For example, SPCA agents or court/jail security officers. Auxiliary constables, or reserve constables, are volunteers with a policing agency, they only have peace officer status when engaged in specific authorized tasks only. Provincial civil constables deal with matters of a civil nature. In the Danish armed forces the ranks "Konstabel", "Overkonstabel" and "Overkonstabel af 1. Grad" are used for professional enlisted soldiers and airmen; the rank is more or less equal to a Private, Private 1st class and Lance corporal but higher than the rank "menig" which translates into "private" and only applies to drafted soldiers. In the Finnish Police, the lowest rank of police
Armenia the Republic of Armenia, is a country in the South Caucasus region of Eurasia. Located in Western Asia on the Armenian Highlands, it is bordered by Turkey to the west, Georgia to the north, the de facto independent Republic of Artsakh and Azerbaijan to the east, Iran and Azerbaijan's exclave of Nakhchivan to the south. Armenia is a multi-party, democratic nation-state with an ancient cultural heritage. Urartu was established in 860 BC and by the 6th century BC it was replaced by the Satrapy of Armenia; the Kingdom of Armenia reached its height under Tigranes the Great in the 1st century BC and became the first state in the world to adopt Christianity as its official religion in the late 3rd or early 4th century AD. The official date of state adoption of Christianity is 301; the ancient Armenian kingdom was split between the Byzantine and Sasanian Empires around the early 5th century. Under the Bagratuni dynasty, the Bagratid Kingdom of Armenia was restored in the 9th century. Declining due to the wars against the Byzantines, the kingdom fell in 1045 and Armenia was soon after invaded by the Seljuk Turks.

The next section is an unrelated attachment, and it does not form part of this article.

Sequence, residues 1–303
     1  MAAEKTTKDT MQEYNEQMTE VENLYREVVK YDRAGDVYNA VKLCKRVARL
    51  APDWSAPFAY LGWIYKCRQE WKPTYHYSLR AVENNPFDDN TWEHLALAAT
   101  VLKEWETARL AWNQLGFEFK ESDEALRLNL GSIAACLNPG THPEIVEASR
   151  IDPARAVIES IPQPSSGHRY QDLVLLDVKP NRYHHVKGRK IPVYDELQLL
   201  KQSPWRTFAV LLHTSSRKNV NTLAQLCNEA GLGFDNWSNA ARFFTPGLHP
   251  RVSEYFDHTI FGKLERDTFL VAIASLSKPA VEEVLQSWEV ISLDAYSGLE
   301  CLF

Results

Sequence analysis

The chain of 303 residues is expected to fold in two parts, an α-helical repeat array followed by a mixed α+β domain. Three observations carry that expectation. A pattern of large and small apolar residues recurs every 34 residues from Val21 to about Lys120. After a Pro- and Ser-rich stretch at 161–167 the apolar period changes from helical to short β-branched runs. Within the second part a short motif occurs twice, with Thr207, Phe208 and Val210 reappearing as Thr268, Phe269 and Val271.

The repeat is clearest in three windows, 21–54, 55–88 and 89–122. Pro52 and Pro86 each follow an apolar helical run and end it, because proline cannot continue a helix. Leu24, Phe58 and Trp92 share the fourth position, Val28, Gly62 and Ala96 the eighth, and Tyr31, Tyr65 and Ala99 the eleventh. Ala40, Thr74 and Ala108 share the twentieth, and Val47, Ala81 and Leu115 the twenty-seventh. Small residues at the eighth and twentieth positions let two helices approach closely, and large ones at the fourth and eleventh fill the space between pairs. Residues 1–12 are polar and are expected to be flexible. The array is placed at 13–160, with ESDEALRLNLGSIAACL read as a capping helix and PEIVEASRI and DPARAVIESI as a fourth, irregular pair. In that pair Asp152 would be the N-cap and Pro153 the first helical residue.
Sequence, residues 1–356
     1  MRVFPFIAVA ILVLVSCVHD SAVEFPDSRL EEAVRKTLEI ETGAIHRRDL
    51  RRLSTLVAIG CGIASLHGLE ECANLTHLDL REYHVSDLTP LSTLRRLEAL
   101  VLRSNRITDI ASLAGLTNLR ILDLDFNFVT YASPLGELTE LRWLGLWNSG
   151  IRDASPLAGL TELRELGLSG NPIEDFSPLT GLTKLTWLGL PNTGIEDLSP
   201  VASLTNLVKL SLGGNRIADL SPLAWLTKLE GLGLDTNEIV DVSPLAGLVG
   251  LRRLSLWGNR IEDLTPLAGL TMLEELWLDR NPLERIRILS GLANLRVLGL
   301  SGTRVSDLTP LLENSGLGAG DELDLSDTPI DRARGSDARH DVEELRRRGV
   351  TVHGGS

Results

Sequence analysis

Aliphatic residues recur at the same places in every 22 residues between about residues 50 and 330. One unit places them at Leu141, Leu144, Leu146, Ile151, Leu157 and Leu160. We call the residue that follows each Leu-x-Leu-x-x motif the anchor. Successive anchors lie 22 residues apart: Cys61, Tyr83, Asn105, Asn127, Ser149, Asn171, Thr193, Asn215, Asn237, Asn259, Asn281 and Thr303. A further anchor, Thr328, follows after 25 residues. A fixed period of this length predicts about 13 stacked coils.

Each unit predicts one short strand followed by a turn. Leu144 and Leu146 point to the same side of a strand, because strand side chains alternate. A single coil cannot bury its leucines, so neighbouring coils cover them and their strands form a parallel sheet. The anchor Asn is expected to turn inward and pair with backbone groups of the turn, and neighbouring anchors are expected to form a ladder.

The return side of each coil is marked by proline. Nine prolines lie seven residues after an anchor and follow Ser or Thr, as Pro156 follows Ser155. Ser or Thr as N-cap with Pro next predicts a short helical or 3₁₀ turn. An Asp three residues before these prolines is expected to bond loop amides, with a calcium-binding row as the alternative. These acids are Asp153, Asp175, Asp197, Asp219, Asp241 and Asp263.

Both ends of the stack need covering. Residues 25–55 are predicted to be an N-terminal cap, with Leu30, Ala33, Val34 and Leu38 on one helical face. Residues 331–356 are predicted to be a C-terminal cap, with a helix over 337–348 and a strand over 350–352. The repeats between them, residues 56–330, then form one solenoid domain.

An Armenian principality and a kingdom Cilician Armenia was located on the coast of the Mediterranean Sea between the 11th and 14th centuries. Between the 16th and 19th centuries, the traditional Armenian homeland composed of Eastern Armenia and Western Armenia came under the rule of the Ottoman and Iranian empires ruled by either of the two over the centuries. By the 19th century, Eastern Armenia had been conquered by the Russian Empire, while most of the western parts of the traditional Armenian homeland remained under Ottoman rule. During World War I, Armenians living in their ancestral lands in the Ottoman Empire were systematically exterminated in the Armenian Genocide. In 1918, following the Russian Revolution, all non-Russian countries declared their independence after the Russian Empire ceased to exist, leading to the establishment of the First Republic of Armenia. By 1920, the state was incorporated into the Transcaucasian Socialist Federative Soviet Republic, in 1922 became a founding member of the Soviet Union.